EA will likely raise its offer a little bit – the Take-Two share price did rise as far as $26.70 before settling at $26.63 on Tuesday – but more likely to $27 or maybe $28 a share. Take-Two’s shareholders should recognise a good deal and get out, because the gaming industry is waiting for a massive upheaval as the Activision-Blizzard merger becomes reality in June, upsetting the entire balance of the gaming industry ecosphere.
Developers, IPs and publishers alike are about to be snapped up, sold, moved around and reshuffled as companies reposition themselves to have a strong position going forward with some very lucrative gaming franchises – such as GTA – and some promising new ones – such as what Bioshock and Guitar Hero became – to see them through the next couple of years.
Take-Two can be a small-medium player that will likely be buffeted around and damaged (further than the company managed to damage itself with scandals and management changes in the past couple of years) before eventually being eaten up ; or it can take its strong position now, get a good price and become a part of the EA empire that will have to fight for the top spot on the podium against Acti-Blizzard.
Did We Mention It’s A Pretty Good Game... No ?
Back to GTA IV itself, if it won’t save Take-Two the ignominy of only being valued at around $2 billion or so it has proven that the video game industry can produce blockbusters to rival the established film and music industries. Yes, yes, yes, video game evangelicals have been telling us this since forever. But now we have the odd game – though it is an increasing number with each passing year – that actually manages to do major upset to the established industries.
The release of GTA IV this week will lower ticket sales of Iron Man, out on Friday May 2, says film industry analysts. In the past, films were compared to their peers when wondering about the impact competition will have on ticket sales. Now they’ll have to consider video games as well. GTA IV is expected to shift 6 million copies worth around $400 million in the week following its launch. It has broken all records, including that set by Halo 3 for the velocity of its rise to the top of the sales charts.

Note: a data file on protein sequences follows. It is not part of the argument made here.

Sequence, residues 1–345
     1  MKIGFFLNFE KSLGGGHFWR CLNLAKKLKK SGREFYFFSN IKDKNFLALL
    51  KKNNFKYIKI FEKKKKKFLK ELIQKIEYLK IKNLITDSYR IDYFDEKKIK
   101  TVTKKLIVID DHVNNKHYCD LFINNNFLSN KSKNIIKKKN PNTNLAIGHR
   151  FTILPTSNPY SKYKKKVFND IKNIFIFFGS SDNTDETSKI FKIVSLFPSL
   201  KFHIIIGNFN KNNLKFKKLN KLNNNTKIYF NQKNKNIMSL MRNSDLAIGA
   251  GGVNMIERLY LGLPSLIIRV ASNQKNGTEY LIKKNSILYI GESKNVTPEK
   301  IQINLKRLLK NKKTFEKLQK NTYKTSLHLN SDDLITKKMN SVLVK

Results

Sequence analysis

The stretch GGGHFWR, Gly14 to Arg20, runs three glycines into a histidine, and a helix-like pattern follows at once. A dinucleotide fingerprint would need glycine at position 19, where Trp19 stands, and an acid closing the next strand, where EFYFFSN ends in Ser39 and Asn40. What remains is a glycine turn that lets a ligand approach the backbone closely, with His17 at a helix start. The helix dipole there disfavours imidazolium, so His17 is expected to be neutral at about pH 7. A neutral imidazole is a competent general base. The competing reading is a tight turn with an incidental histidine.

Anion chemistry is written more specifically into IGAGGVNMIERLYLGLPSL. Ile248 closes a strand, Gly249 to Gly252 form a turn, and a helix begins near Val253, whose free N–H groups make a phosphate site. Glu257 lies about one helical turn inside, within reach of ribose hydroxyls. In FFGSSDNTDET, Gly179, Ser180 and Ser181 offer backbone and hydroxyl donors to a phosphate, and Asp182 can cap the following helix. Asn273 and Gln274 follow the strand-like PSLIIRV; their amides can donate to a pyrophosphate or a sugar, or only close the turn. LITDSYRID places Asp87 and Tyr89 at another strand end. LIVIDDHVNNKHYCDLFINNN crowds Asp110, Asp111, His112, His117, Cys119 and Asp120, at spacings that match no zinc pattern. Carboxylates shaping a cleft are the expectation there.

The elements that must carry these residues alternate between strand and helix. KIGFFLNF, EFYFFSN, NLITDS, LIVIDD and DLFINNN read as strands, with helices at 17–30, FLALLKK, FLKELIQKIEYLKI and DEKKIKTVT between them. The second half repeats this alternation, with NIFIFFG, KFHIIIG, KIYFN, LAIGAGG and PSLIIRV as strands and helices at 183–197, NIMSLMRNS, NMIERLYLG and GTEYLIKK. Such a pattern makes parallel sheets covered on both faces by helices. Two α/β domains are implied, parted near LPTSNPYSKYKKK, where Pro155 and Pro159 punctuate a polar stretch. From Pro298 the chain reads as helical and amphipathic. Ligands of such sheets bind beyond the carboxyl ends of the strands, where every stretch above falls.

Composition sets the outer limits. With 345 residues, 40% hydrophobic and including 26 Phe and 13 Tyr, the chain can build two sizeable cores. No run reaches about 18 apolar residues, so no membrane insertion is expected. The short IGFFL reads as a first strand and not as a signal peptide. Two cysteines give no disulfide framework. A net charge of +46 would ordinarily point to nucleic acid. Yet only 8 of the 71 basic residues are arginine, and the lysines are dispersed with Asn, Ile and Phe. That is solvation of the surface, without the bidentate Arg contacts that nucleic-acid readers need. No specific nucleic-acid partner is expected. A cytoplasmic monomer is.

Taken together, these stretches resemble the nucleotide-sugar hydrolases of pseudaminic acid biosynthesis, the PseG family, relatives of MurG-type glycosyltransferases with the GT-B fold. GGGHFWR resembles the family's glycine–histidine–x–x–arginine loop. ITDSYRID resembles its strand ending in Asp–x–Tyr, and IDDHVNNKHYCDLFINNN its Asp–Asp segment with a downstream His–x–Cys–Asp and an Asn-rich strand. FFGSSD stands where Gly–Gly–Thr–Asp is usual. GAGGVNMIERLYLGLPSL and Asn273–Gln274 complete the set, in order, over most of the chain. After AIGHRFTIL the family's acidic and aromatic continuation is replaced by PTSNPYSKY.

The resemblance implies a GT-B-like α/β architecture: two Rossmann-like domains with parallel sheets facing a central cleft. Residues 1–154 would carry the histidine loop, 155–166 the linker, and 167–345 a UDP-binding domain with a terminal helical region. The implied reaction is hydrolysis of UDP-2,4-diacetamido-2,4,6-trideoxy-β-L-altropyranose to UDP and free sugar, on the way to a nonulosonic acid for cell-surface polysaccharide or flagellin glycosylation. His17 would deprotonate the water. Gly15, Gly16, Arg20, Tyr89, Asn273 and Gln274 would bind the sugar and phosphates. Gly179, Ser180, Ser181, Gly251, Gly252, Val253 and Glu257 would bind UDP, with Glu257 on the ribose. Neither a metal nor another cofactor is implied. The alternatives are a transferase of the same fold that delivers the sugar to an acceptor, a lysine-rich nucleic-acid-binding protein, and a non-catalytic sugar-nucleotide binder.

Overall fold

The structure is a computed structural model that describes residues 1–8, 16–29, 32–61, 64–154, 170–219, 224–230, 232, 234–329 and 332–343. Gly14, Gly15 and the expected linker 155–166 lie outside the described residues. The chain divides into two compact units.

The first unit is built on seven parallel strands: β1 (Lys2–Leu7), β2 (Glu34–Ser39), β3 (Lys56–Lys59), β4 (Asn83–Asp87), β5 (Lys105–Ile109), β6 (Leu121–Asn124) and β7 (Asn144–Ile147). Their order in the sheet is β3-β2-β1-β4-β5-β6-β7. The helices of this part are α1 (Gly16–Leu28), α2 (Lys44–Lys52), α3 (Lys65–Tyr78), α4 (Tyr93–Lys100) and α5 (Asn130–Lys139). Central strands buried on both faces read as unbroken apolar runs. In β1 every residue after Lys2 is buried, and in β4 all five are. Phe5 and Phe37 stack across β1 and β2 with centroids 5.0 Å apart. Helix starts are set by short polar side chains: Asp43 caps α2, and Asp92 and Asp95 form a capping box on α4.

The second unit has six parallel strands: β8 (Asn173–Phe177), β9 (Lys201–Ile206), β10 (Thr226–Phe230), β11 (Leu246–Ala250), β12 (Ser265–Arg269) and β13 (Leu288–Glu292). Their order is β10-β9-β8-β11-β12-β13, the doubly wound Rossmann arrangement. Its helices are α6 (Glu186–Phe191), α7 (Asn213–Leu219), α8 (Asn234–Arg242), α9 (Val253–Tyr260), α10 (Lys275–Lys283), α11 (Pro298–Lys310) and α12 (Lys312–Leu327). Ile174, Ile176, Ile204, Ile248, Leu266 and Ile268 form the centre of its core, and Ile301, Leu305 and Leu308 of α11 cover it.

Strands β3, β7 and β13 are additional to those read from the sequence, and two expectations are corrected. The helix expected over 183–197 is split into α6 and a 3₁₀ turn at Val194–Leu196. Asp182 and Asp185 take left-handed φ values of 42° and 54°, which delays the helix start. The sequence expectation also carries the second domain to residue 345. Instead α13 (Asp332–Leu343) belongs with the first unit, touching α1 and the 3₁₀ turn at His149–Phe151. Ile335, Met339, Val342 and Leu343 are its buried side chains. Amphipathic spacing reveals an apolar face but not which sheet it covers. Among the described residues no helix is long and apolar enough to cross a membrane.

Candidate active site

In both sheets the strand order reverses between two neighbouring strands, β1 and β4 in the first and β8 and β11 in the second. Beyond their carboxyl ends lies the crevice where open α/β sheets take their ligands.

The betting firm Paddy Power is offering odds of 9/2 that the game will stay on the top of the UK sales charts for ten weeks ; odds of 6/4 that Wii Fit, released last week, will knock it off the number one spot ; with Mario Kart for the Wii the next favourite to do a Brutus. And to think, the summer is usually a dead period for video gaming. It seems we’ve got a multitude of entertaining titles that will take us all the way through to the Christmas run-in (that starts to gain momentum in September).
So, GTA IV will not save Take-Two and it hasn’t prompted a crime wave, though apparently some crime happened in the vicinity of copies of the game. It will stand as a good example as to how and why cinematic video games are, in future, going to give cinematic cinema films a run for their money. And it’s jolly good fun. A point, now that I think about it, which I make almost as an aside. This game certainly has gravitas.